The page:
In the fields hunts are still killing foxes and they are largely still getting away with it however the successes in the courts over the past year have proved that they are certainly not having everything their own way. While the election result was disappointing it will not change anything from my perspective. It’s still very much business as usual and the same can be said for all the wildlife protectors out there. What I think is important is that even now the hunting community accept they are on a downward spiral and are trying desperately to maintain their cruel way of life. After a fabulously concerted campaign by West Midlands Hunt Sabs the Atherston went to the wall taking a beagle pack with it. Hunt attendances are down despite claims to the contrary and even the Government accepts that hunting is a toxic issue as there is no mention of a repeal of the act in their plans for the future. Having said that Boris is a pathological liar and he’s appointed ex-CA attack dog Simon Hart to the cabinet as minister for Wales.

Hunting isn’t going away any time soon. However I can see more mergers of hunts in the future as hunt country becomes scarcer and attendances drop. They may try and paint this as a win but ultimately it’ll be one less pack of hounds marauding around the countryside. Remember the Kimblewick are an amalgamation of 4 hunts. I also have a feeling a pack very local to me is in some serious trouble and we’ll be doing our very best to help it along the way and consign it to history.

So that just leaves me to wish all my readers a very Merry Christmas and I’ll update you with all the action over the festive period in due course. Why not get out there on Boxing Day and find your local hunt demo and voice you opinion against them. A list can be found (here). There’s also one for the Kimblewick, details here.

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You may remember back in January I blogged about the Kimblewick being caught red handed pulling a fox from an artificial earth and throwing it in front of the hounds (see here). The pair involved were the hunt’s terrier man Ian Parkinson and the hunt President Mark Vincent. They were subsequently charged with causing unnecessary suffering to a fox under the Animal Welfare Act.

On Wednesday 30th of October they stood trial at Oxford Magistrates Court with District Judge Kamlesh Rana presiding.

I wasn’t at court on the day (I’ve seen enough of courts for the time being) but I have received detailed notes from someone who was so I’ll try and put together a straightforward account of the proceedings and highlight the relevant points so grab a cuppa and settle in.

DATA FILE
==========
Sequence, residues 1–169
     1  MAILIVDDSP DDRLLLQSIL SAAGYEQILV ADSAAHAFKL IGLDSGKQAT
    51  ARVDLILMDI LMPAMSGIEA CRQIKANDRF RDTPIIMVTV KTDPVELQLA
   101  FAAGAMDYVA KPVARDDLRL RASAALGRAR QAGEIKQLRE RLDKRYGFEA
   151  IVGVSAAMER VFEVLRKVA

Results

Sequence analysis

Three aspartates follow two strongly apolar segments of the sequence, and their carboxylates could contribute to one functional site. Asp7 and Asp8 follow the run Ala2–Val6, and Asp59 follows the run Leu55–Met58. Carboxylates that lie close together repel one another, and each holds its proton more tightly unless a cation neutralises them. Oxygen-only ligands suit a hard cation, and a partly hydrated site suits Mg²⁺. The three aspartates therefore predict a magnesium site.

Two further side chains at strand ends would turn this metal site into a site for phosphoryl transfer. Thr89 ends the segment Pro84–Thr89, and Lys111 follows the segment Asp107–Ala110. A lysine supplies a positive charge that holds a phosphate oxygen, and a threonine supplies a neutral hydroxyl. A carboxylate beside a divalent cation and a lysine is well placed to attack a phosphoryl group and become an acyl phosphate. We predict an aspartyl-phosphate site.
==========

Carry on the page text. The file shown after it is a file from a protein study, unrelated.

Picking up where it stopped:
First off a bit of background to the case. Undercover footage was supplied to the Hunt Saboteurs Association which clearly showed 2 men, forcing a fox from an artificial earth using drain rods and then dragging it by the tail before throwing it to be chased by the hounds of the Kimblewick hunt. You can clearly hear the huntsman making “hold hard” commands, waiting for the fox to be released. There is clear communication between the pair in the video and the huntsman.

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It is unknown what became of the fox.

The law states: It is an offence to; cause unnecessary suffering to a protected animal or, if being responsible for a protected animal, to permit any unnecessary suffering to be caused to any such animal (Section 62, Animal Welfare Act 2006).

As this is an animal welfare case it was clear a large majority of the court time would be spent arguing about the context of what happened and if indeed the welfare of the animal was compromised. This would come down to the 2 expert witnesses, both veterinary surgeons, David Martin in the case of the prosecution and a certain Stephen Lomax who also acted for the defence in the South Herefordshire Hunt case and was also prosecuted for careless driving, someone who’s credibility would seem to be in doubt even before the start of the case.

The incident all happened on land know as the ‘Big Willows’ and belonged to a Robert Stevens. His statement confirmed he was aware the hunt were using his land but not what they were up to. Whether this was actually the case or not is open to speculation but his answer is realistically the only one he could give, admitting you knew an illegal act was taking place and with your tacit knowledge is likely to lead to your own prosecution through joint venture. One has to consider whether any land owner would know what is taking place on their land and indeed the presence of artificial earths, a structure which needs significant work and disruption to the ground.